"Rot Gut" starts the second half of this album with harmonics and country/western sounds being added to the mix hear. It is all out of time with each other but following time with the drums and that makes it incredibly hard to keep up with, but I promise once you have it then you will see the level of skill it took to make it.  It might not have the lyrical quality of "The Reduction", but it does have some of the most interest music on the album.  The title track "Dead Dads" is next, it is basically a nightmare in musical form.  Plain and simple, it sounds like a song I have woken up scream from and I love it.  It is talking about how all dads are dead and in situation where they have been seen. It sounds like a horror version of They Might Be Giants once more, all strange keys and noises and keeping the album on the crazy, strange path that has been treading since the beginning of the album.  Track thirteen is call "It Must Be Fresh" and we are back in Don Van Vliet territory, with a rumbling frequencies, low drums and crazy lyrics that sound like a cannibal awaiting his next meal.  It is the first song which could have been a little bit shorter to be honest, it is decent but it does go on a few beats too long.  "Hello, Mr. Lizard" is a story about a lizard and his lizard life, a mixture of human traits and lizard experiences, it is another strange number but an interesting one.  It goes along with the pace of the dead, it has some drone inspired themes to the music, it is a dark and brooding number and I love it.  It is wonderfully fucked up and that truly appeals to my sense at tastes.  As we approach the last quarter of the album, we are introduced to "King Cockroach" which features Johnny Dowd, who is an alternative country musician comes Ithaca, New York (but was originally from Fort William, Texas) on vocals and synths.  I found his delivery to be a mixture of Lou Reed and Nick Cave, this sound of the life of cockroach is the spiritual twin of "Hello, Mr. Lizard"; however it is done with more flair and sounds (for want of a better word) more alive.  It is still bat crap crazy, but it is also brilliant.

"Swelling Spasm Frustration" starts the last quarter of this album with a spiralling noise that mixes dirty horns, crazy guitars and a train of consciousness and thoughts that just keep on coming like a torrent of water that is very easy to get lost in (whether you want to or not), when it gets to the backwards sections of the song you end up feeling like you are just bouncing along the ground face first; but it is not over.  Far from it, as "Scar Not a Car" percussion that sounds like a someone is either putting up MDF pieces to a wall with a hammer or some construction machinery is playing around in the back ground (it could be that Sister Spinster (the home-made drum machine of Thomas Truax)) is doing some side projects away from his Lordship.  It is at odds with the song itself, creating an unsettling piece of music from a simple tune about losing a car.  "The Chase" is a tale of nightmares come real, it is a story that builds like the zombies heading towards the helicopter in World War Z; as the nightmare chase comes closure the music becomes loud, frantic and intense, but then it passes and the subject of the song is left in dark alley awaiting the next attack - it is a feeling that is familiar to me at this point as well, the song is a good one that works so well - but I feel so drained by the end of it, it is that effective.  We are at the penultimate track which is called "Misanthropic Bones" and this is a long track - most of the song on the album have been about the two/three minute length, however as the album has went along the length of the songs has increased.  This song is six minutes in length and it starts off with the guitar unleashing strange noises as the song fades in from the back ground; but then a de-tour happens and the song becomes almost normal, it sounds like Nick Cave/Tom Waits fronting a minimal grunge band who are aiming for the horizon as they play their drone rock that has been influenced by Cake.  It breaks down back to the original noise of the beginning of the song as it fades out the goes to the strange guitar noises ago, it is almost as if the song in a constant loop that could go on forever; very interesting and completely off the map.  Ending the album is "The Leaky Boat" which sounds as if it was recording as the ship was sinking.  It is very dark at this point, the guitar sounds like a distress call to the howling winds around the album as it reaches the end of its long and delirious journey.  It is an instrumental song that guides us home, but it is also one of the least bizarre if the truth be told; it is almost normal and that is somehow more terrifying at this point.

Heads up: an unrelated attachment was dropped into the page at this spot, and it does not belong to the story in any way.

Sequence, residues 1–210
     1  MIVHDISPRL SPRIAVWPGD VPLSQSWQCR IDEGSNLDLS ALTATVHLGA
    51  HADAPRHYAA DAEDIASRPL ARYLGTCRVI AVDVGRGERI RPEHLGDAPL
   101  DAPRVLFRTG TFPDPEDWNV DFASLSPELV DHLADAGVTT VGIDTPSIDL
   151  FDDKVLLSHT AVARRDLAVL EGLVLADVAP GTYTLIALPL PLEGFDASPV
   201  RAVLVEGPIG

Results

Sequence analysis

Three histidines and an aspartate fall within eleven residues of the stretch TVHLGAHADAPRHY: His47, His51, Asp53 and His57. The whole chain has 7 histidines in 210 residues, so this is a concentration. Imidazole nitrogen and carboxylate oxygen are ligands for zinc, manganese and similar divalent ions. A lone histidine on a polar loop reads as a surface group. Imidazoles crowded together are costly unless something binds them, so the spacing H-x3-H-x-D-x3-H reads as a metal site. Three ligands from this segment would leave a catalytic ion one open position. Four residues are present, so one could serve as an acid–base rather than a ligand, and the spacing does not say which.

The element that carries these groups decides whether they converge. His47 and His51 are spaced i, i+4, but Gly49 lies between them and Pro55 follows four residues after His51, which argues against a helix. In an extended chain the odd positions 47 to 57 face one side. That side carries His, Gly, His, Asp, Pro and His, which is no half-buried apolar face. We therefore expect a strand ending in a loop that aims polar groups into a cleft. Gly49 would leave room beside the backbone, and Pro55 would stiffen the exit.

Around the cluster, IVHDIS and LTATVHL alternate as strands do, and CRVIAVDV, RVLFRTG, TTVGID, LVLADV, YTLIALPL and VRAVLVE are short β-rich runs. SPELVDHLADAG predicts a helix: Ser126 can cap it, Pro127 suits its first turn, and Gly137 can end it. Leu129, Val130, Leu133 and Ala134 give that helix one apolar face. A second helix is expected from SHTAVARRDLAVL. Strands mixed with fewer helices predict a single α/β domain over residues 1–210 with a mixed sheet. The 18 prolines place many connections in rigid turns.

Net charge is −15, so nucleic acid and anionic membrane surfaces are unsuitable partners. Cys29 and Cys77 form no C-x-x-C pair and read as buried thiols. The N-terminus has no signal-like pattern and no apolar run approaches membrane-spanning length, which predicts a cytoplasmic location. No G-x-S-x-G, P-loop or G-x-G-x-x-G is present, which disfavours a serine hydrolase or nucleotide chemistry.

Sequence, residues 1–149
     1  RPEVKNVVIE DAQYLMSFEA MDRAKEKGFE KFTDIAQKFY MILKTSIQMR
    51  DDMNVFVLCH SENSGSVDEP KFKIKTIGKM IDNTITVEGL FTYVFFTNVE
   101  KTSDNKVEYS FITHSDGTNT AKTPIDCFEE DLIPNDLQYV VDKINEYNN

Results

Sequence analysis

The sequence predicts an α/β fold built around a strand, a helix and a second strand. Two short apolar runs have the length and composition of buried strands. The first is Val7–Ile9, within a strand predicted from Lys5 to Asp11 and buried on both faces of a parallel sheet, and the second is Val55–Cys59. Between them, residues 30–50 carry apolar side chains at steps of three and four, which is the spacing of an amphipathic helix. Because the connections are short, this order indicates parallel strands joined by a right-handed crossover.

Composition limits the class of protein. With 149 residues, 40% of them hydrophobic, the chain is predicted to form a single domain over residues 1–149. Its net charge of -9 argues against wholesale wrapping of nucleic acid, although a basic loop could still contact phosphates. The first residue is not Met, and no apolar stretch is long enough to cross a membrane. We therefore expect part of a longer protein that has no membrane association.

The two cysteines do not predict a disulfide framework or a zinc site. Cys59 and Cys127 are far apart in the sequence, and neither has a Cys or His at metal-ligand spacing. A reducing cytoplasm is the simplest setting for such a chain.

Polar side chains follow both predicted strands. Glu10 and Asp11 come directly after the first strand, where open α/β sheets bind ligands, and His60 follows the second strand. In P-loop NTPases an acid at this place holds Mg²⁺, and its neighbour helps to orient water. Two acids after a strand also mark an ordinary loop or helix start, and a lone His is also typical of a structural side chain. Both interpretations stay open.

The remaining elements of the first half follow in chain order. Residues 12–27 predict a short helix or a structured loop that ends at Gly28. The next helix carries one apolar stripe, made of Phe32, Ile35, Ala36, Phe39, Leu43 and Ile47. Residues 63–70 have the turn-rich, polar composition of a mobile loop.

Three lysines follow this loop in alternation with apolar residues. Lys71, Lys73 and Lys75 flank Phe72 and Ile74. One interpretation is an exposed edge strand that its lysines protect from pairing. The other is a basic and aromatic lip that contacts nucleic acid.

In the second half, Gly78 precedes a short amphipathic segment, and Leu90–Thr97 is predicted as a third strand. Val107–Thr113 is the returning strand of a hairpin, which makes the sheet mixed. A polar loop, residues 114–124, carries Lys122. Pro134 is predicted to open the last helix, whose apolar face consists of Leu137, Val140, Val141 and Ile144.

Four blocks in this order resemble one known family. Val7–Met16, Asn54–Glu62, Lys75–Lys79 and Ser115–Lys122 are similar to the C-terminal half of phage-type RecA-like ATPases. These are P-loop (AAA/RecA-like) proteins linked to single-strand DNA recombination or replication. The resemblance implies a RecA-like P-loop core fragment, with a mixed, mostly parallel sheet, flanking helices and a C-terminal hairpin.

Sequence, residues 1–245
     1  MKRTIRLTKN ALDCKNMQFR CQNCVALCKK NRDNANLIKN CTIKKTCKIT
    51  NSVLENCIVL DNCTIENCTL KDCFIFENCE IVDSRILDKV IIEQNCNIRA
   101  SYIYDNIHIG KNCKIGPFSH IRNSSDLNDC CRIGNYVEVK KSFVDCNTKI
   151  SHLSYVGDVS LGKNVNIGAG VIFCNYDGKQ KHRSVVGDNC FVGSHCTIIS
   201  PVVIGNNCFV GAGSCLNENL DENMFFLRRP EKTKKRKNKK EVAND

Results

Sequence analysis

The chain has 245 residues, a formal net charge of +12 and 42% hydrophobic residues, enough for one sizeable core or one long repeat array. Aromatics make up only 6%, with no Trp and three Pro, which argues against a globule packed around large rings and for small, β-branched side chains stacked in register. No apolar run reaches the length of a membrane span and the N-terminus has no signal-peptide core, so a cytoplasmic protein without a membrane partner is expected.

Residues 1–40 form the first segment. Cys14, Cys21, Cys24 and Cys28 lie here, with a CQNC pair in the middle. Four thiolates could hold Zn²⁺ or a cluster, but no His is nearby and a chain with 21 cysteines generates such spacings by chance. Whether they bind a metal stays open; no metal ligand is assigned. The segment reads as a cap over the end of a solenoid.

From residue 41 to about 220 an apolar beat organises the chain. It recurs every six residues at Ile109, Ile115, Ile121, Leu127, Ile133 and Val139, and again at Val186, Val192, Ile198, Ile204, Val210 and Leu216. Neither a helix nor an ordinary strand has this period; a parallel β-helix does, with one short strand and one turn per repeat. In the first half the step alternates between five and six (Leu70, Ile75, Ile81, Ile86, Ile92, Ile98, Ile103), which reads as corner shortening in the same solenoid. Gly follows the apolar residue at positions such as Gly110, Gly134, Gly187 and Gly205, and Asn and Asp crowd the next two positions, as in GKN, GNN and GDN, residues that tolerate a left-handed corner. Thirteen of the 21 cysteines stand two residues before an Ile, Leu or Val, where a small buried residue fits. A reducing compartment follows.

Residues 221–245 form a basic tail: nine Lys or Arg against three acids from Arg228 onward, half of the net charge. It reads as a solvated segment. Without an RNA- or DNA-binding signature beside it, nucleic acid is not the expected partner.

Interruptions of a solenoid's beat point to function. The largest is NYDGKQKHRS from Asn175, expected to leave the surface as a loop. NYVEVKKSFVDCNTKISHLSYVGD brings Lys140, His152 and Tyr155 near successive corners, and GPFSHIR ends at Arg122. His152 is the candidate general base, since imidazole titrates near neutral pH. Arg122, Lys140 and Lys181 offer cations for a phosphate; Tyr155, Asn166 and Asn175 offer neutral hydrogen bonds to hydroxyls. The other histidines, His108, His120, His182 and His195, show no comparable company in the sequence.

Even after a few weeks of living with the album, I am still not 100% sure what to make of it.  Depending on my mood when I start to listen to it, it is either genius or it is just too off the charts to make an informed decision; I think that is the point of the album thought, it is meant to confuse the listener in places and enthral them in others (if they are so inclined to let it reveal its magic).  It is a good album that has a lot going for it, but it is not without faults either.  It is a few track too long and a few of the song could lose a bit of meat as well, but these are just the opinions of a crazed man from the east side of the pond called the Atlantic.  If you are looking for something that is quite frankly so far off the map that not even a compass or bread crumb trail will help, I would say this is the new band for you.  Really good, but also bat crap crazy - the photo and cover does not do this band justice.

7 out of ten - This is good and worth checking out

Top track - The Lark

You can purchase the digital version of the album on Amazon here

You can visit The Chewers website here

You can follow them on Soundcloud here

You can purchase the album from their Bandcamp here

You can follow their activities on Facebook here

You can stream the album on Spotify here

You can stream the album on Deezer here

You can stream the album on Tidal here